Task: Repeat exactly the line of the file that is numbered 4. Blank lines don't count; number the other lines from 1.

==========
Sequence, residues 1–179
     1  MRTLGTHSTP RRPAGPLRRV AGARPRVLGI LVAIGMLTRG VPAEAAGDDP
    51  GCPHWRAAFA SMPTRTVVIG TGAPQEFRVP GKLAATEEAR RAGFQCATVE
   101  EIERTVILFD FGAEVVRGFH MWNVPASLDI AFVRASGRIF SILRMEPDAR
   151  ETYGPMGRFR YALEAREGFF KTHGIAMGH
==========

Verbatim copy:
   101  EIERTVILFD FGAEVVRGFH MWNVPASLDI AFVRASGRIF SILRMEPDAR